Now known as SEGA Amusement International (SAI) – the US and UK/EU operation that has become independent from SEGA Corporation in Japan, but has proven to be considerably active in amusement development, especially with video amusement pieces. SAI was not content to sit by and let Raw Thrills take all of the glory, unveiling their own monster Super Deluxe gun game with Mission: Impossible Arcade back in 2020. This mega four-player enclosure takes up 261cm(d) x 400cm(w) and 286cm(h) with two 55’’ HD displays – and fully illuminated with LED’s. Made to mimic an IMF safe house (refer to the movies if you need an explanation to what that is), an early design featured an optional backwall with a 65″ display, although most locations preferred to make the game open from both sides. Eventually SAI would make a two-player version which they christened a DLX, allowing venues with limited space to deploy the game. At the time, some question if the market was about to see a return to grandiose video game releases, and that seemed to be the case.
SAI also works in partnership with WAHLAP Technology in China and IGS in Taiwan, collaborating with their conjoined expertise in amusement manufacture. The fruits of these joint projects has seen the launch of titles such as Jet Blaster a jet ski racing experience, available for up to four-players linked, the game and hardware design invoking memories of Sega’s famous 1996 SDX release Wave Runner.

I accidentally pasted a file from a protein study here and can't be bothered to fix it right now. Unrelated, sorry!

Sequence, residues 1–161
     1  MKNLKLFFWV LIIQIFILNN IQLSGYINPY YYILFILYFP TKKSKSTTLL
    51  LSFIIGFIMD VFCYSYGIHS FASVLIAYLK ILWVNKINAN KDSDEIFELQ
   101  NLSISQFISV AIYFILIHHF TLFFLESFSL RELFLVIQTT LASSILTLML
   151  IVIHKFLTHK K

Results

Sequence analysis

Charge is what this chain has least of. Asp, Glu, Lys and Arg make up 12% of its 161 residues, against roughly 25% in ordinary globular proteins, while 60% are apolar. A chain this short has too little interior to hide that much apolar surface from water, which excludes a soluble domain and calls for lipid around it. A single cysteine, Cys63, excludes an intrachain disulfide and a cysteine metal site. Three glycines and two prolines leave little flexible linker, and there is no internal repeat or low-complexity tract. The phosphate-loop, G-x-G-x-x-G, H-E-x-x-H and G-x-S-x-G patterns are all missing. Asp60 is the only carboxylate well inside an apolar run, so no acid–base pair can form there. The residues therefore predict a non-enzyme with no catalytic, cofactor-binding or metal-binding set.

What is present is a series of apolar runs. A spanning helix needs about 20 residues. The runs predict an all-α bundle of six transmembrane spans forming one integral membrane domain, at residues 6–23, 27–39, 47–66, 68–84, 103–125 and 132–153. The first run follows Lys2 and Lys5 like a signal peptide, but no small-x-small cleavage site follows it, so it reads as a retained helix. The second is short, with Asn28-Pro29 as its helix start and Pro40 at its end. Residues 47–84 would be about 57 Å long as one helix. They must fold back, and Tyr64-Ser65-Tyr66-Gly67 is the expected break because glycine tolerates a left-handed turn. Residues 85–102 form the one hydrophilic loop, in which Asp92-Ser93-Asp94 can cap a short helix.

Also in working with WAHLAP, SAI has brought over to the Western market the sequel to their motorbike street racer with ‘Storm Rider 2: Motion Twin’ – the fast-paced racer has players sitting astride a motion-based motorcycle. The deluxe cabinet is a twin-configuration and comes in with a specification of 267cm(d) x 306cm(w) and 249cm(h) – each player having a 47’’ full HD display. Shipped in the classic Twin configuration (two single units setup as though they were one), operators can link two Twins together to achieve four player races. This is another title whose software was developed by IGS.